Blog Archives

Rat Study Links Lead to Schizophrenia

By Rick Nauert PHD, http://psychcentral.com/

Rat StudyA new study of the brains of rats exposed to lead suggests the metal may contribute to the onset of schizophrenia.

Columbia University’s Mailman School of Public Health researchers found striking similarities in the rat brains to what is known about the brains of human schizophrenia patients.

A description of the study results appear in the journal Translational Psychiatry.

The researchers found that lead had a detrimental effect on cells in three brain areas implicated in schizophrenia: the medial prefrontal cortex, the hippocampus, and the striatum of rats exposed to lead before birth and in the early part of their lives.

Moreover, the density of brain cells declined by approximately one-third — roughly the same percentage decline seen in schizophrenia patients.

Imaging technology also revealed higher levels of a dopamine receptor similar to what has been documented in human schizophrenia patients, and in a previous study of genetically engineered mice.

“The similarities in the brain structure and neuronal systems between what we see in lead-exposed rats and human schizophrenia patients are striking, and adds to a growing body of literature suggesting that early lead exposure primes the brain for schizophrenia later in life,” said senior author Tomás Guilarte, Ph.D. Read more

Johnson & Johnson recalls schizophrenia drug after discovering mold

English: Risperdal Consta injection syringe Ma...

English: Risperdal Consta injection syringe Magyar: Risperdal Consta injekció (Photo credit: Wikipedia)

 

By Sakthi Prasad & Jeremy Laurence, http://www.reuters.com

 

Johnson & Johnson is voluntarily recalling one lot of schizophrenia drug Risperdal Consta after discovering mold during a routine testing process, a company spokeswoman said, the latest in a string of recalls over the past two years.

 

Risperdal Consta is manufactured by Janssen Pharmaceuticals, a unit of Johnson & Johnson. The company is recalling the drug from wholesalers, distributors, pharmacies and healthcare providers.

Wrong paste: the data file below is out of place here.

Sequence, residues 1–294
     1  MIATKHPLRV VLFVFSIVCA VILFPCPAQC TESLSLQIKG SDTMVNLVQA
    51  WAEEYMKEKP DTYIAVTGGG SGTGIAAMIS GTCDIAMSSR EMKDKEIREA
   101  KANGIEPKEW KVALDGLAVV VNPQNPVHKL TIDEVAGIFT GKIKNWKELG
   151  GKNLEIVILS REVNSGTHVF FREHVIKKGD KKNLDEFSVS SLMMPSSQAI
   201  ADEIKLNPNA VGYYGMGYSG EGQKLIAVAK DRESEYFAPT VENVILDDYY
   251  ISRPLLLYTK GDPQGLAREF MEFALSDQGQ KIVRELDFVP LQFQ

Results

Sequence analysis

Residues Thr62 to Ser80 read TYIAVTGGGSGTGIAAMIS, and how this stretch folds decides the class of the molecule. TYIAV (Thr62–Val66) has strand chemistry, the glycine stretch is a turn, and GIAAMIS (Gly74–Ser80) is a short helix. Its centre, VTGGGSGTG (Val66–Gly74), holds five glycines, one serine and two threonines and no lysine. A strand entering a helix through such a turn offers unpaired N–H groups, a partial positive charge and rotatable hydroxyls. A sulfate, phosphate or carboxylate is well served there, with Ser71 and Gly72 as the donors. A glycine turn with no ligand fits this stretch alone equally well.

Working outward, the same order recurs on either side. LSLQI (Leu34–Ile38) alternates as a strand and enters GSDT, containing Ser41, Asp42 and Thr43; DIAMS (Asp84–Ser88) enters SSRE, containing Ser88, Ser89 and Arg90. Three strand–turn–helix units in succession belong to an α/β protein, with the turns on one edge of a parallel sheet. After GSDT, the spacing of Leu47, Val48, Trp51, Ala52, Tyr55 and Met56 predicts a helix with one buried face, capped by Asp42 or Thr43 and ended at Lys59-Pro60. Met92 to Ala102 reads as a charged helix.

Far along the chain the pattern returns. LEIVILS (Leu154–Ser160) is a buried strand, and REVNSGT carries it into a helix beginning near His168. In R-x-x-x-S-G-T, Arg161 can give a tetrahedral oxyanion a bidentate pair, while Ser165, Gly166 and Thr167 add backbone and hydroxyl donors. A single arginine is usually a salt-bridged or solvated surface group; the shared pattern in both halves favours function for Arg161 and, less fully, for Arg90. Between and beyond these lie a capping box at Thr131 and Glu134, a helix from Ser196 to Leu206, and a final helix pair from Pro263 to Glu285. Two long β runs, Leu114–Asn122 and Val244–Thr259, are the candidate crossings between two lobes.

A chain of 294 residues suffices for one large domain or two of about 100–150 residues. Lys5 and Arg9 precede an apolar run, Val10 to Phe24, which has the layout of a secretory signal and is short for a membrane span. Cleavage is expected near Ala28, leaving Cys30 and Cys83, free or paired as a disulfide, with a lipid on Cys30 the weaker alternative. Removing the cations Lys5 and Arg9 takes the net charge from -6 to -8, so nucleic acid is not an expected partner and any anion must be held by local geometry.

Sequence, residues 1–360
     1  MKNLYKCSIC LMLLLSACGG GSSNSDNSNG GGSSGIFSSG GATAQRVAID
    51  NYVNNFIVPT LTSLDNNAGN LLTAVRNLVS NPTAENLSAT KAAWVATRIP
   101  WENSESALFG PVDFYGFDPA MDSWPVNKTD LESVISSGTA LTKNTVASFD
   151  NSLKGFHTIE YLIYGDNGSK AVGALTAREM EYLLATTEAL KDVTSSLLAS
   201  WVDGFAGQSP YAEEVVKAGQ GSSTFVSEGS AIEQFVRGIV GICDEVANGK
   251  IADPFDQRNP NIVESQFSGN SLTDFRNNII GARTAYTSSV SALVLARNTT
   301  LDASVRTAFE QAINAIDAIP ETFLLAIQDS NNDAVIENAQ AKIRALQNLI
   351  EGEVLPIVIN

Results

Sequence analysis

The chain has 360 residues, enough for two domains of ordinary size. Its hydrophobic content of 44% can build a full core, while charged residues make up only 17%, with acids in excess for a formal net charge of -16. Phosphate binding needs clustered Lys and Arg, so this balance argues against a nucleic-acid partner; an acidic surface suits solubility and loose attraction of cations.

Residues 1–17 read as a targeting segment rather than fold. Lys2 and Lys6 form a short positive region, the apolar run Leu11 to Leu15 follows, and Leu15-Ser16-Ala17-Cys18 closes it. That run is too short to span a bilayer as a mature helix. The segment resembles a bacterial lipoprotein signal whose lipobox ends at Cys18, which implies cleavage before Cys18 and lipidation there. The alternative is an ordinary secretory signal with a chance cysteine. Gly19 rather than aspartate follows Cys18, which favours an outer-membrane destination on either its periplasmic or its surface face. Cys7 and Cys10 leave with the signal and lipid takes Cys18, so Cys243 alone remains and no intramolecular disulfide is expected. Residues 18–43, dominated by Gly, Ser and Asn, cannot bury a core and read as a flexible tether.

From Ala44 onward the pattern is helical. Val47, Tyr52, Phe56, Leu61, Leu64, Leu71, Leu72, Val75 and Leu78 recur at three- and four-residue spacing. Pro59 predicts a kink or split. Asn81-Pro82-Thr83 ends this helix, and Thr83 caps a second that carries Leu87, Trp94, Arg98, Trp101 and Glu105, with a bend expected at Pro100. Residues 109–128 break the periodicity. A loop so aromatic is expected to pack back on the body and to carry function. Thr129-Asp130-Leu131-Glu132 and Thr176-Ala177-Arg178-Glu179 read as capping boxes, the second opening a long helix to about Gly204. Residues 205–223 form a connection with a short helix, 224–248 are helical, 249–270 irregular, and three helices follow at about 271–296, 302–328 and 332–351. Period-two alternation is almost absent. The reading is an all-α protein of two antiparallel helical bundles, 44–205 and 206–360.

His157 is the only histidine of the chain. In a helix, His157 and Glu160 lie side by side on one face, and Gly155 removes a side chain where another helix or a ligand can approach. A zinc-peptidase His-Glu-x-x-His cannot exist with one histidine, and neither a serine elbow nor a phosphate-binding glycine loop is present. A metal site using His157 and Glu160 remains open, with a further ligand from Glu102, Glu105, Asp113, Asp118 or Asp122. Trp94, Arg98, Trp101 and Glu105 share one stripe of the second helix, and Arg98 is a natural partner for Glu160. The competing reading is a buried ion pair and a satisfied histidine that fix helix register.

The medicine is a long-acting form of J&J’s Risperdal anti-psychotic medication, and is used to treat bipolar disorder and schizophrenia. It is injected, unlike basic Risperdal, which is a pill.

 

“We estimate that fewer than 5,000 dose packs remain in the market considering our current inventory levels and the usage of this product,” spokeswoman Robyn Reed Frenze said in an email to Reuters. A single lot of Risperdal Consta consists about 70,000 dosage packs.

 

Frenze said that the risk to patients is considered low, and “there have been no trends of adverse events of infection associated with this lot”. Read More

 

 

Is Lead Exposure Behind Cities’ Schizophrenia Problem?

By Sydney Brownstone, http://blogs.villagevoice.com

In New York City, like in many other major metropolises, schizophrenia is a disease that can be more visible than most. In 1999, after a schizophrenic off his meds pushed a woman into the path of an oncoming N train, New York State even came up with a law to make the mentally ill seek compulsory treatment. Kendra’s Law, named after the woman who died on the tracks, sought to prevent violence by pushing schizophrenics with a potential for self-harm or violence into psychiatric care.

But for decades, researchers have been struggling with a bigger question about the nature of the relationship between schizophrenia and cities–and why, for example, growing up in a city makes you more vulnerable to developing schizophrenia as an adult.

A landmark study from Columbia’s Mailman School of Public Health and published last week in Schizophrenia Bulletin may shed new light on that connection–for the first time, animal models show that lead, along with other environmental toxins, could be a major contribution to the link. Read More